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Why your dog has interrupted sleep – and how different it is from yours.

Archie dog sleeping

Many owners can report on how well their dogs sleep, or dont. Good dog sleep is vital to good owner sleep – when dogs sleep near their owners, or wake their owners. But actual science on how dogs have adapted their sleep patterns since evolving from wolves has been scant.

This kind of research is likened to Voyager 1 and 2 passing through our solar system, its quite rare, and blink you miss it.  In the case of dogs, exploration and knowledge of their sleep patterns and what they actually dream about has barely left the launch pad. Until now.

Because it seems most people are intrigued about what their dogs dream about, we will first look at that, then what is normal sleep, the different types of sleep, and how a dogs sleep differs to humans and the dogs’ ancestors.

Dogs do dream

A 1977 study (Ref1)  of six pointer dogs found that over a 24 hour period their day was this:

  • 44 percent of their time alert,
  • 21 percent drowsy
  • 12 percent in REM sleep.
  • 23 percent deepest stage of non-REM sleep, (slow-wave sleep)

To understand what dogs are doing in those dreams – much of the estimates rely on rat experiments. A famous 2001 experiment on rats compared their brain patterns when they were working through a maze, to their REM sleep brain patterns, and found a high correlation. “In 44 percent of REM sleep episodes, the researchers found brain patterns that matched those that the rats had produced during their waking maze runs.”  Ref 1

“The patterns lasted for minutes at a time and “played” at the same rate as they did when the rats were awake. In other words, the animals seemed to be reliving their waking activities in REM sleep”  Ref 1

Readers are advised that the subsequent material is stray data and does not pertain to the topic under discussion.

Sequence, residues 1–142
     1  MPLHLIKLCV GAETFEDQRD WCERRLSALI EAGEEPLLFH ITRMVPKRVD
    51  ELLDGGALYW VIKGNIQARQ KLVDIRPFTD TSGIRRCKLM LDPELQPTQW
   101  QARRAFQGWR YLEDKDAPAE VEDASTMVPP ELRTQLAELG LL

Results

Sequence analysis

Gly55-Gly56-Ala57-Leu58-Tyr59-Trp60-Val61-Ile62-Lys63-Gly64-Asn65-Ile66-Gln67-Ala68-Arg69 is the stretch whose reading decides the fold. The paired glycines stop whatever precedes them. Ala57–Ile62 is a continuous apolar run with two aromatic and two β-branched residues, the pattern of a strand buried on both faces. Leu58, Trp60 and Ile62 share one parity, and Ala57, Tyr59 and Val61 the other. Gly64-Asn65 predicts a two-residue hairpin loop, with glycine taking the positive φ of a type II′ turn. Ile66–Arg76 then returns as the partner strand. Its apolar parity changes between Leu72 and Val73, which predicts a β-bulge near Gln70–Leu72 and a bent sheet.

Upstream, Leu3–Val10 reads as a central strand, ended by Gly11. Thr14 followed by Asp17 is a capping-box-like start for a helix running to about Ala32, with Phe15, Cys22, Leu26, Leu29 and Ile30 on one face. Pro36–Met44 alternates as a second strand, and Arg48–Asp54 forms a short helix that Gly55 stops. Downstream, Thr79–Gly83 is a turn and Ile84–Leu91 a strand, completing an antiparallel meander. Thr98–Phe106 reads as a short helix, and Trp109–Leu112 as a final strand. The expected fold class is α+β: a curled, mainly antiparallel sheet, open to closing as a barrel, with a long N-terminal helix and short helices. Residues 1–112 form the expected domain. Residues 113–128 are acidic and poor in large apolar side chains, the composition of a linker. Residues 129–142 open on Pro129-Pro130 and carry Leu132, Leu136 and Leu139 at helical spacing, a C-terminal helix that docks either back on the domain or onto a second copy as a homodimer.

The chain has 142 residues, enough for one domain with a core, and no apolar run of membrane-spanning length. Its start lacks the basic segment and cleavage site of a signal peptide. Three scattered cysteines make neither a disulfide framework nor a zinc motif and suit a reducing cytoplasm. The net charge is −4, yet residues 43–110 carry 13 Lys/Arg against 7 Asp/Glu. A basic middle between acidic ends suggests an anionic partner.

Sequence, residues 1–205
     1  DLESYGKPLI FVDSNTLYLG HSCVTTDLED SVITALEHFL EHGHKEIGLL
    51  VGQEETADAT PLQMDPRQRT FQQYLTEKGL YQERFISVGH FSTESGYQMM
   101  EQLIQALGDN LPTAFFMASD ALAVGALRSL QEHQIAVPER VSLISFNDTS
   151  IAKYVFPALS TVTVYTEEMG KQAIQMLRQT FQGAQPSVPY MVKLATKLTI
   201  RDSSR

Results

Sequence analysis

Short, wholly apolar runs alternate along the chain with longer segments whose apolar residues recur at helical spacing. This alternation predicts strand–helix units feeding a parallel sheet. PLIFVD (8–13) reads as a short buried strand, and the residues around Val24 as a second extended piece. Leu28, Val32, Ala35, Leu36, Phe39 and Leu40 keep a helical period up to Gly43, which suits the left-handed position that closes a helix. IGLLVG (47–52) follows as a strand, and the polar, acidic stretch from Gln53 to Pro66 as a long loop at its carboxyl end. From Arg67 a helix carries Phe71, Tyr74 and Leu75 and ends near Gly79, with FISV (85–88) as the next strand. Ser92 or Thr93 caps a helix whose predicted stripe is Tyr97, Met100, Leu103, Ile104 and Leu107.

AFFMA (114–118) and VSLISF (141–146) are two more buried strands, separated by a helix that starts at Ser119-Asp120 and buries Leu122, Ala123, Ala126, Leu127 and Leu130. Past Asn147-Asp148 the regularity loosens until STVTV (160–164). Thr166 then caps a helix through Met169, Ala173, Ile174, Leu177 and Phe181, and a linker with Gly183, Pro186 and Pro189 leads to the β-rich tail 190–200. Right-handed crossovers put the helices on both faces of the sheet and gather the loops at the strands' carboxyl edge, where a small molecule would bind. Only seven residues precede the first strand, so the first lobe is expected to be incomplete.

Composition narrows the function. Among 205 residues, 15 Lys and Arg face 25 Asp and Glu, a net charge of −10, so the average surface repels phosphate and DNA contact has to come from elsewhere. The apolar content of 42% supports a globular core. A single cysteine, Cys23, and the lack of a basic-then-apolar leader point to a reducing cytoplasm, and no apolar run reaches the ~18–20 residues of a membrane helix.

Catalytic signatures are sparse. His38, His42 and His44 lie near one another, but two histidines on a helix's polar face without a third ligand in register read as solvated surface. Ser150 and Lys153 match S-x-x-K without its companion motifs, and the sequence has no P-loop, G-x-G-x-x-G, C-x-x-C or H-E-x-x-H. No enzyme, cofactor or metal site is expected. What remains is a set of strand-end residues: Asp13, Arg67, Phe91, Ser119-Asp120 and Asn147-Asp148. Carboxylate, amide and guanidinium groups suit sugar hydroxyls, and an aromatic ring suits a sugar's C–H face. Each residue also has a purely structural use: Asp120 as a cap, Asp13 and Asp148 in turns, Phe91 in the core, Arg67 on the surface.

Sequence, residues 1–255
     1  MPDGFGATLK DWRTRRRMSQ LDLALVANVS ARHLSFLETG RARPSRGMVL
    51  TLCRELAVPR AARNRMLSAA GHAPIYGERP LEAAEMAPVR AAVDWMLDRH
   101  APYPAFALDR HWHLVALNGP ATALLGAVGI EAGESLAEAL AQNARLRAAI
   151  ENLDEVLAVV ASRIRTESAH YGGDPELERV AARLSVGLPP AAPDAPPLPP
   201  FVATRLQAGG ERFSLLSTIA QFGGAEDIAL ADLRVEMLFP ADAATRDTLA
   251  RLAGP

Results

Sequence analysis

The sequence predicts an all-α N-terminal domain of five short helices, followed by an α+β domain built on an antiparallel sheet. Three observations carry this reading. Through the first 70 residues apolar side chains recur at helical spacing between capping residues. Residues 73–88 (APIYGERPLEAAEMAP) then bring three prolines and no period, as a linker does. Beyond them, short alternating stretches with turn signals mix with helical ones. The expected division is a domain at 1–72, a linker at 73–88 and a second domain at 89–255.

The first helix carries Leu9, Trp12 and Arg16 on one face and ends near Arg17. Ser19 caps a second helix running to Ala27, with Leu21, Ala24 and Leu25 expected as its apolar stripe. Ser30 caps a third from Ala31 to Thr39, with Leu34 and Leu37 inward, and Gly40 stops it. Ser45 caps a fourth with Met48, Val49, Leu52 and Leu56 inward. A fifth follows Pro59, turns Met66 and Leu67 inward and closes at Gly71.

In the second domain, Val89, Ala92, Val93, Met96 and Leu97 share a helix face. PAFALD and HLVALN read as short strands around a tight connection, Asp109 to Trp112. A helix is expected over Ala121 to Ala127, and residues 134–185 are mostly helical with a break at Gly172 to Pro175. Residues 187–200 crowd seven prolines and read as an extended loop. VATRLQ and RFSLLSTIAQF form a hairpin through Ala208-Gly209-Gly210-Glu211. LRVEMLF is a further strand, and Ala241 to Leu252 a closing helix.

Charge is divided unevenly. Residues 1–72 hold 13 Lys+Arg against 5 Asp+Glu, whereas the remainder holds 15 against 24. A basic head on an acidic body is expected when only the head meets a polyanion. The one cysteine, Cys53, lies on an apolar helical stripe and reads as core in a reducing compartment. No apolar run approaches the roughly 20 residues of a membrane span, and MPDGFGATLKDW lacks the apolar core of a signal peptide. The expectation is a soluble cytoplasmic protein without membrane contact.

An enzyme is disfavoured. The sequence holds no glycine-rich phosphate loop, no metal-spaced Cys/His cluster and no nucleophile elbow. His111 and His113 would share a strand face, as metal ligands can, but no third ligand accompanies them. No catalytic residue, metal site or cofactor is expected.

The thought is that REM sleep produces vivid dreams in rats, humans and dogs, where we replay some even during the day, in almost real time. Our brain are supposed to switch off our limbs so that we don’t hurt ourselves.  The paralysing effect is caused by part of the brain stem called the pons.  But obviously when we hear dogs’ bark and twitch around … some of that energy is escaping into the re-enactment.

Because REM sleep is so passionate, and we often wake up after it (unlike non REM sleep) the animals (including dogs) tend to remember what they just dreamed about.

Non-REM Tends to be about more mundane tasks, and as there is often prolonged drowsiness after non REM sleep – the mundane non REM dreams are often not remembered.

“The reason the dreamy brain patterns of REM and non-REM sleep are so common seems to have something to do with their role in learning and memory. Sleep boosts memory formation, and disrupted sleep can impede memory.

Sleep “adds something” to the process of learning and remembering, Wilson said. Patterns in non-REM sleep seem to suggest a sort of categorizing of the day’s activities. REM sleep, on the other hand, may be an avenue for the brain to explore in a consequence-free environment.“  REF 1

How different are dogs sleep cycles to a humans?

dog versus human sleep cycles

The above graph compares only a three-hour period of a dogs sleep.  But simply put, you can see that a dog goes through a lot more complexity in and out of deep sleep than a human does.

This is inherited from their wild days when it was necessary to be ready for any attacks that they might have while they were asleep. The ability to wake fast, and fall asleep fast (to recharge), was an important survival tactic.

“Despite having daily doggy downtime of between 12 and 14 hours, our canine friends have much shorter sleep cycles than us. Whereas we might have four to six 90-minute sleep cycles, dogs can experience around 15-20 cycles per night. And it’s during REM sleep (as opposed to non-REM sleep) where, like us, they likely do most of their most vivid dreaming.” Ref 2

Most of the above information is from random grabs of old experiments, Well-known snippets of the full story. For a more detailed 2020 look at what makes up a dog’s sleep. We look at core research on the subject as published in Behavioral Sciences magazine.

The highlights of which are:

1   Dogs are diurnal:  this twice a day sleep pattern is back up by a weak circadian modulation and assumed adaptation to human rhythms. Meaning that domestication of canines forced their nocturnal single sleep and occasional daytime naps, into an opposite cycle to fit in with their domestic human master’s sleep patterns.

2  Pre-sleep experiences, location and socio-ecological factors affect canine sleep. Experiments and observation/ sleep waves have shown that a more secure indoor sleep environment contributes greatly to a dogs rest, and recovery and general health.